This chili con carne with beans has endless layers of flavor thanks to a homemade chili powder, seared steak, beer, and cocoa powder.
What is chili con carne?
“Chili con carne” translates, literally, to “chili with meat.” Which may seem sorta redundant. There’s a lot of variance in how it’s prepared although it’s often made with a specific variety (or two) of dried chile peppers, as here, rather than with a store-bought blend labeled “chili powder.” It also often calls for chunks of meat rather than ground beef. And, as always with chili, beans are a tripping point for a lot of folks. Use ’em or omit ’em. As the author says above, don’t be afraid to make it your own.
Chili con Carne with Beans
- Quick Glance
- Quick Glance
- 40 M
- 3 H, 30 M
- Serves 8
In a dry skillet over medium to medium-low heat, toast the ancho and cascabel chiles until fragrant and barely smoking, about 2 minutes. Place on a plate and let cool slightly.
Dump the cooled chiles into a food processor and process until they’re ground to a fine powder, about 3 minutes. Add the cornmeal, cocoa powder, cumin, and oregano, and pulse to combine. Add 3/4 cup of the stock and process until a paste forms.
In a large stockpot over medium-high heat, warm the oil until it’s shimmering. Working in batches to avoid crowding, add the beef and sear, turning as. necessary, until browned on all sides, about 5 minutes. Place the meat in a bowl.
Add the onion, garlic, jalapeños, and habanero, if using, to the pot and stir to coat with the drippings. Cover and cook for about 1 minute.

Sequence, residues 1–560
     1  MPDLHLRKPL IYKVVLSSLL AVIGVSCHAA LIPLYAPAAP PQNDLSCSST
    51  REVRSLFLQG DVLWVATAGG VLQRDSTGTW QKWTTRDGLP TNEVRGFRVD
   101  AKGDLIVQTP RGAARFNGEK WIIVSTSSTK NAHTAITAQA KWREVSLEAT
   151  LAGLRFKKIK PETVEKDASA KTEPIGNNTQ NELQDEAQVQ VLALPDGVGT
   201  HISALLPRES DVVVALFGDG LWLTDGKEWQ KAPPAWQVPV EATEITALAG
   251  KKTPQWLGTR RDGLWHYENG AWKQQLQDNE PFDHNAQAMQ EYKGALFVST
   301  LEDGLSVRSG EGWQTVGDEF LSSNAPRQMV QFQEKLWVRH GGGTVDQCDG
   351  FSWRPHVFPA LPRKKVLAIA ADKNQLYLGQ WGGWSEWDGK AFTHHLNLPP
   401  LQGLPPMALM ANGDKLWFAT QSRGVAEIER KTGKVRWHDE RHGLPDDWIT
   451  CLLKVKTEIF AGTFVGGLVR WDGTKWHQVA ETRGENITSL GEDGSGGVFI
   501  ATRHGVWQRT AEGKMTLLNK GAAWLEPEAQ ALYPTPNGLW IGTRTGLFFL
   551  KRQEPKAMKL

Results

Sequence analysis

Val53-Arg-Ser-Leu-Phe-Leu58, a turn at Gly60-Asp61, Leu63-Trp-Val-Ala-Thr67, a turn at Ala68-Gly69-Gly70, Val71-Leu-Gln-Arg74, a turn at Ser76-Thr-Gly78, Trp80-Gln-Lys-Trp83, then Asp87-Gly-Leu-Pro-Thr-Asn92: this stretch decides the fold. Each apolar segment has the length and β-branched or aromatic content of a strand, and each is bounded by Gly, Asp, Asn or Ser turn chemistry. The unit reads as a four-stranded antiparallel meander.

Pour in the beer and cook, stirring and scraping up all the browned bits from the bottom of the pot, for a minute or so. Add the tomatoes, beans, and brown sugar, and return the beef to the pan. Add the chile paste and the remaining 3 1/4 cups stock and stir until combined.
Bring the chili to a boil and then reduce heat to a gently simmer. Cook, partially covered, until the beef is tender and the chili has thickened, about 3 hours. Season to taste with salt and pepper.
Ladle into bowls and let each person add cheese and any other garnishes as desired.
Recipe Testers' Tips
I was hesitant to try this recipe as it's very different from my own chili. I had most of the ingredients but the chile peppers were a challenge. I finally found the secret hiding spot in the supermarket for the dried ancho chile peppers but had to order the cascabel peppers online.
Immediately after putting together the chili with all the peppers, spices, cocoa powder, cornmeal, and beef, I tasted the chili and I thought ugh, this isn’t very good. But I continued to simmer the chili for almost 3 hours and I must confess, this is the best chili I’ve tasted. The flavor developed with the long simmer and was delicious.
I left the cover off the pot most of the time. The chili was a little soupy at first but did thicken. Next time I may add less stock, and another can of beans. Also the amount of salt was not indicated and added almost 1 tablespoon of salt. This chili was great the first day it was made and even better the next day. I served with cornbread and Cheddar on top, it will be added to my private files.
I have to confess that I very rarely follow a recipe when making chili, but after looking at this I realized it wasn’t too different from my standard method, with the notable additions of cocoa and habanero.
The cooking times were accurate throughout and this made a hearty, tender chili with many layers of flavor. I loved how each of the elements contributed to it from the smoky peppers to the rich cocoa. The habanero packs a punch, so only use if you are comfortable with plenty of heat in your chili!